FIG. 3 c is a perspective view of the locking assembly of FIG. 3 a.

FIG. 4 a is an end view of a showing one example of an engagement pin.

FIG. 4 b is a side view of the engagement pin of FIG. 1 a.

FIG. 5 a is a top view of a wedge block.

FIG. 5 b is a front view of the wedge block of FIG. 1 a.

FIG. 6 is a partial cutaway front view of a locking assembly according to a second embodiment of the present invention.

FIG. 7 is a rear view of the locking assembly of FIG. 6.

FIG. 8 is a side view of the locking assembly of FIG. 6.

FIG. 9 is a cutaway side view of the locking assembly of FIG. 6.

FIG. 10 is a rear perspective view of the locking assembly of FIG. 6.

FIG. 11 is a rear view of the locking assembly of FIG. 6, with the engagement pin in the retracted position.

FIG. 12 is a side view of the locking assembly of FIG. 11.

FIG. 13 is a cutaway side view of the locking assembly of FIG. 11.

FIG. 14 is a rear view of the locking assembly of FIG. 6, with the engagement plate locked into a second position.

FIG. 15 is a left rear perspective view of an exercise apparatus utilizing the locking mechanism of FIG. 6.

FIG. 16 is a right rear perspective view of the exercise apparatus of FIG. 15.

FIG. 17 is a side view of the exercise apparatus of FIG. 15.

FIG. 18 is a partial exploded view of the exercise apparatus of FIG. 15.

FIG. 19 is a partial perspective view of the exercise apparatus of FIG. 15 with one of the covers removed to show the mechanisms inside.

FIG. 20 is a side view of the exercise apparatus of FIG. 19.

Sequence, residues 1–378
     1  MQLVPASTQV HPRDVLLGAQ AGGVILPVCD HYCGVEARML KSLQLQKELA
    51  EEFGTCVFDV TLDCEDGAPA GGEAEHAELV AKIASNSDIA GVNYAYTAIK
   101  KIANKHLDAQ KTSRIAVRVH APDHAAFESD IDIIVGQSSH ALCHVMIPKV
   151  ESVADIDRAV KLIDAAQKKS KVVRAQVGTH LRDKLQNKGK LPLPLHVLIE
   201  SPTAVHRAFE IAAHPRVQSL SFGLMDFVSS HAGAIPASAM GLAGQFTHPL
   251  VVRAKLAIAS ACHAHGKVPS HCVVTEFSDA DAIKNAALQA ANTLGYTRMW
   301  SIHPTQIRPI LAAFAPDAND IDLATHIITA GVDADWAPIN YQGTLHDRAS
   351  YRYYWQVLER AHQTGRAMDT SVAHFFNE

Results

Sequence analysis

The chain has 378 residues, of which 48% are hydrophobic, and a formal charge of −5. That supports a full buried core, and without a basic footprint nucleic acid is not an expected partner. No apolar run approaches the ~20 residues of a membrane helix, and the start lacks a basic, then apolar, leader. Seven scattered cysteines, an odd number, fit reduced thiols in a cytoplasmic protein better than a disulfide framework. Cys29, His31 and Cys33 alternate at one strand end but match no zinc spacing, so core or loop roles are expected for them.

FIG. 21 is section view S-S of the exercise apparatus of FIG. 20.

FIG. 21 a is detail view of the locking mechanism utilized in the exercise apparatus of FIG. 21.

FIG. 21 b is a second detail view of the locking mechanism of FIG. 21.

FIG. 22 a is a partial front view of the locking assembly of FIG. 6.

FIG. 22 b is a front view of the engagement pin of FIG. 22 a.

FIG. 23 a is a front view of a locking assembly using pull pin.

FIG. 23 b is a side view of the pull pin of FIG. 23 a.

DETAILED DESCRIPTION OF THE INVENTION

Referring now specifically to the figures, in which identical or similar parts are designated by the same reference numerals throughout, a detailed description of the present invention is given. It should be understood that the following detailed description relates to the best presently known embodiment of the invention. However, the present invention can assume numerous other embodiments, as will become apparent to those skilled in the art, without departing from the appended claims.

Referring to FIGS. 1 a-1 c, the present invention is a locking and unlocking apparatus 100 with an engagement pin 10 and a spring 40, a first body 110 including a wedge block 20, and a second body 120 including an engagement plate 150 with a plurality of engagement surfaces 180. The first body 110 and the second body 120 are linearly movable with respect to one another. It should be understood that this can mean that the first body 110 is stationary, while the second body 120 is movable with respect to the stationary first body 110, or it can mean that the second body 120 is stationary, while the first body 110 is movable with respect to the stationary second body 120. It can even mean that neither the first body 110 nor the second body 120 is truly stationary with respect to their surroundings.